The train is dynamited halfway across Siberia by bandits intent on getting a message to Queen Victoria--they assume Fevvers is on intimate terms with her--about the oppressive conditions that turned them into outlaws. The explosion fragments the narrative. A band of escaped female convicts wanders by on its way to set up a women's republic--rather distractingly, in view of the accumulation of incident at this point. Fevvers, Lizzie and other members of the circus take refuge in a ramshackle hut housing the Transbaikal Conservatory of Music and its hermit director.
Jack, knocked out by the explosion, comes to in a state of amnesia, and is taken in by a tribe of woodsmen led by a shaman. Carter's irony perpetrates a splendid reversal. The shaman is entranced by Jack's hazy recollections of his purposeful late-Victorian life. He finds in them the equivalent of his own dream-states, and he grooms Jack to be his successor.
Before this can happen, Jack recovers and is reunited with Fevvers. She has changed, too. Without her circus, her public, her lovers, Fevvers' magnificent autonomy wilts. Her wings molt; her feathers and hair turn mousy. She revives only when she finds a wood-man audience and Jack. As she approached him, "already she felt more blond."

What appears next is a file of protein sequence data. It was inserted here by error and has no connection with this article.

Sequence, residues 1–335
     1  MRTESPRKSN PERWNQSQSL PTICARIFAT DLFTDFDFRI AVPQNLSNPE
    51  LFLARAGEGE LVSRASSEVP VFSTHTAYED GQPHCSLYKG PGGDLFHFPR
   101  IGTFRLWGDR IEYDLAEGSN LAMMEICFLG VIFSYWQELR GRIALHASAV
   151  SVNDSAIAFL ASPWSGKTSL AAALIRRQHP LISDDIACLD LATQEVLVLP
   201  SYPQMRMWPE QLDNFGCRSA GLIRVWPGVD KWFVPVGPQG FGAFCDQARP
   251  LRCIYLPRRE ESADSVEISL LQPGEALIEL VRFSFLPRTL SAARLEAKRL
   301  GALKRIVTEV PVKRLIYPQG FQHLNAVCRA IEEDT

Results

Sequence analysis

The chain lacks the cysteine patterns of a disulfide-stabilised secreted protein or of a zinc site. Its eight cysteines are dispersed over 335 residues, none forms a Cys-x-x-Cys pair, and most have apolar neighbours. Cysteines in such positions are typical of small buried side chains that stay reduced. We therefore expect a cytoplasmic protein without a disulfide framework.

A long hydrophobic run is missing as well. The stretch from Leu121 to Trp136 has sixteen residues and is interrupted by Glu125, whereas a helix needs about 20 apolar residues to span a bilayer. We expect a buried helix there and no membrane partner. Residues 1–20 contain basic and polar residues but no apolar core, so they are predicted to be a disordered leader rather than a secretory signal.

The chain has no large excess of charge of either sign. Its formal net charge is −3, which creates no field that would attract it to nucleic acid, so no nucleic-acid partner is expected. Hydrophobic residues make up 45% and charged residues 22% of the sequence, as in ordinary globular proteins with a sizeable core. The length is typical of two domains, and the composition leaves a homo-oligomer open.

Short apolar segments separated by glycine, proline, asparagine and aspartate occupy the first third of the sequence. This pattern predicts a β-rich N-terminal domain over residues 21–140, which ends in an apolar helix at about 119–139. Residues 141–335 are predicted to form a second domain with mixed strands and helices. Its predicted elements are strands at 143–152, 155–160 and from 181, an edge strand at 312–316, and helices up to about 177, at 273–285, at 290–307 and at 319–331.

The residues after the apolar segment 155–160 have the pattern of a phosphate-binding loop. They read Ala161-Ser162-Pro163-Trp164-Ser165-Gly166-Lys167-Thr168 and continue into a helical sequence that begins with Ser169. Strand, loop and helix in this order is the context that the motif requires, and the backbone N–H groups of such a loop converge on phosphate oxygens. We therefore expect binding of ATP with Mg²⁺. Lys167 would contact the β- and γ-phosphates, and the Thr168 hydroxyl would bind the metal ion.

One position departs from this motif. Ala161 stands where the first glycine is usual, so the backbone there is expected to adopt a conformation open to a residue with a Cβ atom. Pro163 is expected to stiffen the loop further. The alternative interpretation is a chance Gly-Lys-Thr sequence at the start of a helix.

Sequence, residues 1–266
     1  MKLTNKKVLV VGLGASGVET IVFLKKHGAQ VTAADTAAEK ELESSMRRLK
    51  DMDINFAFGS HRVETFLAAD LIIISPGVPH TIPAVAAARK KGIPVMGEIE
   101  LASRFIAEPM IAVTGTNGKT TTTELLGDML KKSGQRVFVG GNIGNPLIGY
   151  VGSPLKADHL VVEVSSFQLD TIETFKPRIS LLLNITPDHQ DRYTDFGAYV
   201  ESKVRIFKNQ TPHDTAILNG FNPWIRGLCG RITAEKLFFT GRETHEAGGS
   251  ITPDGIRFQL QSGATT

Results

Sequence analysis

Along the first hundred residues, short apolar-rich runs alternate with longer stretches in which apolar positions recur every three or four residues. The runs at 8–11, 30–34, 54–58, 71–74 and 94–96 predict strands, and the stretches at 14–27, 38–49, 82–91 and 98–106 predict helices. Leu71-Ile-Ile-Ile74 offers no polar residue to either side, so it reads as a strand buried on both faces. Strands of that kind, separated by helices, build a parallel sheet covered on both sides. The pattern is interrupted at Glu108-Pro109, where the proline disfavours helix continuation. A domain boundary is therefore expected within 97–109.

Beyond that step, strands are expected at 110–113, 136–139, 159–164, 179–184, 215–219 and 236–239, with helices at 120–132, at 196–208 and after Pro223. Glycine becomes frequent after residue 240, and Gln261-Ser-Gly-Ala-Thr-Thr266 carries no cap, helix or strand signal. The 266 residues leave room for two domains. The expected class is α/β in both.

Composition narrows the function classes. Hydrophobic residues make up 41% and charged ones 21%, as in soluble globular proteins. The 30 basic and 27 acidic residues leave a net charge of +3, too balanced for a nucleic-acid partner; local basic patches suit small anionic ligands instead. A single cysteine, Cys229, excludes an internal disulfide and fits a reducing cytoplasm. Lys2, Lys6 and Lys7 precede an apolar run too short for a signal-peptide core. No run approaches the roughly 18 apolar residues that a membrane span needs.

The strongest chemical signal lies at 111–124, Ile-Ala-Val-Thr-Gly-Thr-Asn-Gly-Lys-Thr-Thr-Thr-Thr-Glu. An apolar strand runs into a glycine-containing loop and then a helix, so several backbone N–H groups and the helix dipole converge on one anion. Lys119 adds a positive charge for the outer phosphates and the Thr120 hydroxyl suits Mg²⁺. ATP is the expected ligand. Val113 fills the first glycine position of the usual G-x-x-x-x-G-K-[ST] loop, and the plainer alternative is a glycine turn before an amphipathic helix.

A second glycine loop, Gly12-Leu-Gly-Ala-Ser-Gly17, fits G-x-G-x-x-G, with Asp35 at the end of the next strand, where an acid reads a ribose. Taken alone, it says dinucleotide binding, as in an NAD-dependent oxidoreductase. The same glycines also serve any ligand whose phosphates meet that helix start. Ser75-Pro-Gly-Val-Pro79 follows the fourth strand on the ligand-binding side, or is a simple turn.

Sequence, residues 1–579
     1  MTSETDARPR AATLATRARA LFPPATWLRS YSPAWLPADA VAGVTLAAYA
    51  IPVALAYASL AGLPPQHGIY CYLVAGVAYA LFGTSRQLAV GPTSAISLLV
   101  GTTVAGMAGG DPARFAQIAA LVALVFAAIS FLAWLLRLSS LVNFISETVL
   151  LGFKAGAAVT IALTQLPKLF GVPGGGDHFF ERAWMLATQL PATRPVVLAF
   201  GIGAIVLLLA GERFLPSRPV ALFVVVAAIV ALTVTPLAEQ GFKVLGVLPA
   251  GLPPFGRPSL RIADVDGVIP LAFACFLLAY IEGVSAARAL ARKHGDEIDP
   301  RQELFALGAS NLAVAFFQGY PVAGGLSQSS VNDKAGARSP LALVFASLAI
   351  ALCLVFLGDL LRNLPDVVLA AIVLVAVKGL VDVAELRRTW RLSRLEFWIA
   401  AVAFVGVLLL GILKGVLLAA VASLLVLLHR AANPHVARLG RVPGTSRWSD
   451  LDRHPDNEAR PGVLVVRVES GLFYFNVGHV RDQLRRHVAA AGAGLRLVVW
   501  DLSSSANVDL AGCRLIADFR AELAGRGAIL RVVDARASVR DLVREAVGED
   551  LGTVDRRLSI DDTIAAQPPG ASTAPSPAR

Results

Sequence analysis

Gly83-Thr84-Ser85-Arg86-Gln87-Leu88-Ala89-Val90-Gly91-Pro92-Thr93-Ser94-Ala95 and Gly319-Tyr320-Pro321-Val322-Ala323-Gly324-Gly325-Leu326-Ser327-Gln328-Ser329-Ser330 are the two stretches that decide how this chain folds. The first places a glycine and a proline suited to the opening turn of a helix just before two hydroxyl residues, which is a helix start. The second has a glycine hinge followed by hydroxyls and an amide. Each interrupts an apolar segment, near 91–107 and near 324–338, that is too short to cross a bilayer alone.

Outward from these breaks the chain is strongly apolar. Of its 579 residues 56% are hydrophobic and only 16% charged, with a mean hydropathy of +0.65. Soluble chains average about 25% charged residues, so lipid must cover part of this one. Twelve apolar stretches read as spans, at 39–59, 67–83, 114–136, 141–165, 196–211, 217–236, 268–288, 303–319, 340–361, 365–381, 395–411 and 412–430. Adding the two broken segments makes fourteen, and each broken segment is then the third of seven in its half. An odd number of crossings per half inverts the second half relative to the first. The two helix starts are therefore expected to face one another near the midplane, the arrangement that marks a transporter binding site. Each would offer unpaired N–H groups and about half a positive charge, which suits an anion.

Carter allows for many ways of being a woman and a man. She writes touchingly about the lesbian union of tiger-tamer and singer; and about the wanderers in the all-woman republic. Her achievement with Fevvers and Jack is to mingle glories and contradictions. Fevvers' magnificence is vulnerable. As for Jack, he has gone from male manipulator to clown to profit; yet, at the end of the book, he is preparing to write his long-postponed articles. He is also making love with Fevvers and taking the underneath position because of her wings. Men are men and women are women, we understand at the end of this abundant and invigorating book, and their capacity for transformation is a perpetual wonder.